Will you need guest rooms for overnight guests? What about additional living space in the future to possibly care for elderly parents or grandchildren?
How do you plan to entertain? Do you want a formal dining room and traditional living room, or do you prefer small, relaxed get-togethers?
- Don’t forget “work space” considerations.
Where would you prefer the laundry room to be located – downstairs or upstairs? Do you have any hobbies or special interests that might require special rooms to enjoy them? Do you enjoy gardening? You may want to include a mudroom or utility room for easy cleanup. Are you a “pack-rat” who needs lots of attic or storage space to store your treasures?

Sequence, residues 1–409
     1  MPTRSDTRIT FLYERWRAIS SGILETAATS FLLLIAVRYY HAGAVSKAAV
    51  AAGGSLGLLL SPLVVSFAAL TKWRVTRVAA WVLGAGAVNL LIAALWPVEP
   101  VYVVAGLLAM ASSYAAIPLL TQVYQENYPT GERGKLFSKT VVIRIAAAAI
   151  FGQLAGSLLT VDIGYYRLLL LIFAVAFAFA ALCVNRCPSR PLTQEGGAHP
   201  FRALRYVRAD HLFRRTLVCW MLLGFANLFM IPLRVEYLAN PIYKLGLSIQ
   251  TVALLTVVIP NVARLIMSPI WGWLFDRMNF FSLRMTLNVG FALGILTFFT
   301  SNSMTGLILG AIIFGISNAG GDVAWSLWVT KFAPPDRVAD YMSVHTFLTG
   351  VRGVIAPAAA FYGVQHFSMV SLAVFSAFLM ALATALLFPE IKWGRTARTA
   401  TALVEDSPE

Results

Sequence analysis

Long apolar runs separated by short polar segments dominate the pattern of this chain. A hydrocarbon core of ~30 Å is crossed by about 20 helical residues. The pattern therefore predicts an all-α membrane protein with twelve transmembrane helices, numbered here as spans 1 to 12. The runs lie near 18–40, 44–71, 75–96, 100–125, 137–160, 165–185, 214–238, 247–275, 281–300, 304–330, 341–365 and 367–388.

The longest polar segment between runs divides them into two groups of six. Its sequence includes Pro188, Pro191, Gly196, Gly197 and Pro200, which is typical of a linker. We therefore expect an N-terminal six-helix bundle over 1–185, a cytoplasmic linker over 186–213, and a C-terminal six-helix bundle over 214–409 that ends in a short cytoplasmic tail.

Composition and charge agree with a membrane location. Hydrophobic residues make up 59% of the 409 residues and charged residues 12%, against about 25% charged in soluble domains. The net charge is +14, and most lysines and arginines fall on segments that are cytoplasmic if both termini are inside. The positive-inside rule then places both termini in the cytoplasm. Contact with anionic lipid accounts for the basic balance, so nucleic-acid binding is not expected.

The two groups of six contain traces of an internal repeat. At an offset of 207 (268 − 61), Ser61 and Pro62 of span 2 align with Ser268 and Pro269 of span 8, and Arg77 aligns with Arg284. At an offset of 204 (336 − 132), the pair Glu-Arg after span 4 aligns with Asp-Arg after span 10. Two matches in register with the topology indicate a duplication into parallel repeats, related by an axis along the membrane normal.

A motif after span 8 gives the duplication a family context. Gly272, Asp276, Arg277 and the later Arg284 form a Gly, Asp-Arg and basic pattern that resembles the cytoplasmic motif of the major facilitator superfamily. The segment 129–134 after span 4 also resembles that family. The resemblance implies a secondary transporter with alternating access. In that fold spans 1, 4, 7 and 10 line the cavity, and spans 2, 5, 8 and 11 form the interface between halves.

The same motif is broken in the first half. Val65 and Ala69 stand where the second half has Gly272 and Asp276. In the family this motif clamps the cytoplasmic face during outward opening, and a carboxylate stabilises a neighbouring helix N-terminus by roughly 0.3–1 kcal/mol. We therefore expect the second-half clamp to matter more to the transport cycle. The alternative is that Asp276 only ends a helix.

- Before you purchase your lot, make sure it’s large enough for the house that you want to build.
Check with the local building department prior to purchase to determine what restrictions might be in place for the lot. There may be code restrictions limiting the precise location upon which the actual house can be built. And if your chosen house plan necessitates a particular side or location for a driveway or garage, you need to determine how much space you will need for clearance and turn space and allow for adequate distance on one of the sides.